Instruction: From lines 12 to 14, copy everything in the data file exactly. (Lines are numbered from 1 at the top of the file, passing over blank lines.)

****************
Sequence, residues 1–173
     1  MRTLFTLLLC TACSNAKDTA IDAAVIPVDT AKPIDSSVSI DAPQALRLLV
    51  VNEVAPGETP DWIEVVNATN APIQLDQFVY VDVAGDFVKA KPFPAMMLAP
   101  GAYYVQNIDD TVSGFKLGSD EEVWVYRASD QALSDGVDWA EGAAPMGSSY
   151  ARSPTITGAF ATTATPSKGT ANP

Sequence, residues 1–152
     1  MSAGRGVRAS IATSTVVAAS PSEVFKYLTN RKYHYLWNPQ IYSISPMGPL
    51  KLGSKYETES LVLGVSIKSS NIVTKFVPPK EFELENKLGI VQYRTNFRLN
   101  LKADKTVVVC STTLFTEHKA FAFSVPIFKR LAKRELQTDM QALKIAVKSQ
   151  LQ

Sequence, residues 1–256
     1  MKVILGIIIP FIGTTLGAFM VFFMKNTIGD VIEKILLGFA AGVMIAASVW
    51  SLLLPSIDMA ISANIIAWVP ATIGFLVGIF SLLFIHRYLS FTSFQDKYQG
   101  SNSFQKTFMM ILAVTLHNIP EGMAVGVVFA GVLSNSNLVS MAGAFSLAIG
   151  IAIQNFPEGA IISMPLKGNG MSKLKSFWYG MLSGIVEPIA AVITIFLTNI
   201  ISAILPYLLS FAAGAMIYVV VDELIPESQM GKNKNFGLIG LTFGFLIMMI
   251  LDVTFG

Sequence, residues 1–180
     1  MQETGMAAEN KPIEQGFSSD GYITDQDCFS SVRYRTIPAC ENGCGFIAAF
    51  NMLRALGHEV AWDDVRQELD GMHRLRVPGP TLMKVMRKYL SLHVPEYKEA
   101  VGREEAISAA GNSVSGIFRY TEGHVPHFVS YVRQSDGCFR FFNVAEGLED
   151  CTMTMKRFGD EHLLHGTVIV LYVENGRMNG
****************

     1  MKVILGIIIP FIGTTLGAFM VFFMKNTIGD VIEKILLGFA AGVMIAASVW
    51  SLLLPSIDMA ISANIIAWVP ATIGFLVGIF SLLFIHRYLS FTSFQDKYQG
   101  SNSFQKTFMM ILAVTLHNIP EGMAVGVVFA GVLSNSNLVS MAGAFSLAIG